Forget Your Silver Bullet
By Bill Moore
The United States' Task Force on Strategic Unconventional Fuels (www.unconventionalfuels.org) has made public its findings and recommendations on the future role to be played by five non-petroleum energy sources found in America: shale oil, heavy crude, tar sands, coal-to-liquids and enhanced oil recovery (EOR) using captured carbon dioxide.
In three volumes, the Task Force, made up of the U.S. Secretaries of Energy, Interior and Defense, along with the governors of Wyoming, Colorado, Utah, Kentucky and Mississippi, takes a comprehensive look at the potential contribution these, heretofore under-utilized resources can make in supplementing the nation's declining petroleum production. They conclude that even under the most aggressive development scenario, these resources could produce about 7.6 million barrels a day of synthetic liquid fuel by 2035. Ander current, business-as-usual, conditions -- and assuming a whole host of issues from socioeconomic to technical can be resolved -- unconventional fuels might add 2.3 mbld by 2035, about one-tenth of what America currently consumes.
While there are no known proponents of "peak oil" to be found among the senior task force members, nonetheless, Volume One of "America's Strategic Unconventional Fuels" reads as if it might have been produced by the Association of the Study of Peak Oil. There are references to M. King Hubbert and energy return on energy invested (EROI).
The accompanying charts prove equally sobering. The graph (reproduced below) showing oil discoveries from 1930 and projected out to 2029 resembles geologist Hubbert's prescient peak. And a companion graph showing the contributions made by the various unconventional energy sources under three different utilization scenarios shows America continuing to be largely dependent on imported oil with energy conservation and efficiency making greater contributions then unconventional fuels put together.
The Task Force sees the rationale for encouraging the development of tar sands, shale oil, heavy crude, coal-to-liquid and EOR using captured CO2 being driven by declining conventional oil production in America and the uncertain availability of imports, which raises concerns for national security and economic development. They see increasing global competition with China and India, with the former already signing deals that will siphon off oil out of Venezuela and synthetic crude out of Canada, two important sources to the United States. Unless America can supplement and/or reduce its demand through conservation, oil imports are likely to make up 65% of the nation's consumption by 2030.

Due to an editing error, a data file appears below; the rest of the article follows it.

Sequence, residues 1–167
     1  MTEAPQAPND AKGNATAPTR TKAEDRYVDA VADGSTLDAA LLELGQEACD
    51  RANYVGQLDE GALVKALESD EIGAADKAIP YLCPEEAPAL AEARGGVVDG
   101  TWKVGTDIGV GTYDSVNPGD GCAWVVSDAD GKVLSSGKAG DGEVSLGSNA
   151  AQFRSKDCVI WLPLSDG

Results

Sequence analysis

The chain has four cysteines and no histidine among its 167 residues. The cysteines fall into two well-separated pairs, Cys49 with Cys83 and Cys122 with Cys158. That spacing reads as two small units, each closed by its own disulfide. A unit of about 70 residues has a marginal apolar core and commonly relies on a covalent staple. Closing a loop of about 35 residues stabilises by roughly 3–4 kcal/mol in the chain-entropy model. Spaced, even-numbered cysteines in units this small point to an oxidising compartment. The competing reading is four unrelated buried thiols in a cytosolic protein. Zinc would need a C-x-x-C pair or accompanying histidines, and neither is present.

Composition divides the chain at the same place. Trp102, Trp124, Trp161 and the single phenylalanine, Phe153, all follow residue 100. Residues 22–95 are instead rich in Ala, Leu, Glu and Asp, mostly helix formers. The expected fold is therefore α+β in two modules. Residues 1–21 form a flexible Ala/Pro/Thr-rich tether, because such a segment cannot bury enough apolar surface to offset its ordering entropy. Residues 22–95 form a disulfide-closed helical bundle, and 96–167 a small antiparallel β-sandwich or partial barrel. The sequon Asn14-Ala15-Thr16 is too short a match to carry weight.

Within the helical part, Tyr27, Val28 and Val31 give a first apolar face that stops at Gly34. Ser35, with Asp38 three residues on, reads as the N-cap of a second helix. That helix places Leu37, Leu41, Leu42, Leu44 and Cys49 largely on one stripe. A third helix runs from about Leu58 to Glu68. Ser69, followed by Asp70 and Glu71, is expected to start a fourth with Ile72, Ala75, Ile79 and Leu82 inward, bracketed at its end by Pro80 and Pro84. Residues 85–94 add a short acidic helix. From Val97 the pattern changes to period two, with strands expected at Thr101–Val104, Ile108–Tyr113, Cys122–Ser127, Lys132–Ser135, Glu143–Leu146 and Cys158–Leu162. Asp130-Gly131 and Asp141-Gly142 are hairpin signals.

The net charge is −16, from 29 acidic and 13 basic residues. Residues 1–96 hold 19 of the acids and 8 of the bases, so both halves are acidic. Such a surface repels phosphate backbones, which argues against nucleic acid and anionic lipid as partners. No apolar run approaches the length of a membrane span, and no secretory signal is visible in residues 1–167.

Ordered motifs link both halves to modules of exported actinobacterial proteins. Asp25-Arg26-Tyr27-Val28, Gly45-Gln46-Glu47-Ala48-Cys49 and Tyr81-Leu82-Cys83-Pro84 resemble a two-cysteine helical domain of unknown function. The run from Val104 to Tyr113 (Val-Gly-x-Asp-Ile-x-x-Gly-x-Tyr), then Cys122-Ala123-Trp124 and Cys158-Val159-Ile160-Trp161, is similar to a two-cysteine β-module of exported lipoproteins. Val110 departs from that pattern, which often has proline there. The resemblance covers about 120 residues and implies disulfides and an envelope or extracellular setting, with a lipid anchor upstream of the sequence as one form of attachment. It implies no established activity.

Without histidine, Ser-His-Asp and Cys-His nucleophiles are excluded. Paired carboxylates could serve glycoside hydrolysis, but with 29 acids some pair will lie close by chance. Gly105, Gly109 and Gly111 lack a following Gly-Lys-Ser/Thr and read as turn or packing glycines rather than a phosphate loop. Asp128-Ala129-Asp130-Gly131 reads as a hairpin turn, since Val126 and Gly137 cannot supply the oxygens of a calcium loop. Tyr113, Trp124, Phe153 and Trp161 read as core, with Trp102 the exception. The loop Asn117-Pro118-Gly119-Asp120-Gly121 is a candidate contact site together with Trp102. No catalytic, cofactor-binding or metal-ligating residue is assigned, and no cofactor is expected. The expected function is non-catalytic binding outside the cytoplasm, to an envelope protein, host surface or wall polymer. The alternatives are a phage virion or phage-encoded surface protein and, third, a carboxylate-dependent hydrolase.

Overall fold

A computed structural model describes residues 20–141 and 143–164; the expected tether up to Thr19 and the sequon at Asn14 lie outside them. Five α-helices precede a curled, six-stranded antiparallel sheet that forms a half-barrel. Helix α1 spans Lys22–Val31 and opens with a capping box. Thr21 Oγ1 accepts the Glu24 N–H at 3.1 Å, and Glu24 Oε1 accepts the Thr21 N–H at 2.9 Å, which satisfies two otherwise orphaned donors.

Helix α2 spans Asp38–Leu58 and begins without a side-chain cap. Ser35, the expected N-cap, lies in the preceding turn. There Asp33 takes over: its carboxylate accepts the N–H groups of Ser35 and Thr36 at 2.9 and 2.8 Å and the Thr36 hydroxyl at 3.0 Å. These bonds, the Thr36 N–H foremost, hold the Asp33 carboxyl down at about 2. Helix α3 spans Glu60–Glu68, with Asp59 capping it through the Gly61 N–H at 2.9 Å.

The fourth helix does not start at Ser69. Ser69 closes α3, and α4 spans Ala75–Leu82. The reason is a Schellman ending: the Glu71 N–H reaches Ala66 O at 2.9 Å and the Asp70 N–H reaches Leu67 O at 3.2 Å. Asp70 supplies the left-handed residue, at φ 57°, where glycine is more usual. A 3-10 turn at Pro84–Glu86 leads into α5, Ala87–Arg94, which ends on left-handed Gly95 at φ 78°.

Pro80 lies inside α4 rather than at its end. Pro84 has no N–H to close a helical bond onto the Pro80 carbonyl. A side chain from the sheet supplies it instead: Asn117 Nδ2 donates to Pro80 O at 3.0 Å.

Troubling from a national security perspective is the heavy reliance of the U.S. military on petroleum, consuming in 2006 some 312,000 barrels of oil a day (Mbl/d) , 218 mbl/d in aviation fuel, 48 mbl/d in marine fuels, 35 mbl/d in ground fuels and 12 mbl/d in heating oils. Increased fuel usage and rising prices has caused the the Defense Department to spend $13 billion in FY 2006, up from the $3.9 billion in 2002. The U.S. Air Force has begun to address the issue by certifying the use of blends of synthetic fuels with conventional petroleum jet fuels (JP-8). The first aircraft to be certified to operate on a 50/50 blend is the venerable, but aging B-52. The Air Force plans to have its entire fleet certified by 2011. The Army and Navy have similar programs in place.
While the Task Force acknowledges that America has vast reserves of fossil fuels, and coal is the 800 pound the gorilla in the room, it also appreciates that there are critical constrains on how much of of these energy sources can be converted to liquid fuel. These include:
- Regulatory or institutional barriers to development,
- Improving technology performance,
- Economically competing with conventional fuels,
- Mitigating adverse socio-economic risks in impacted communities,
- Minimizing water demand, while protecting water rights and quality, and
- Managing carbon emissions and other environmental impacts.
Also highlighted in the study is the acknowledgment that the ultimate amount of energy that can be recovered is not governed by price, but by how much energy it takes to find, recover and refine. Quoting M.King Hubbert, Volume One states:
blog comments powered by Disqus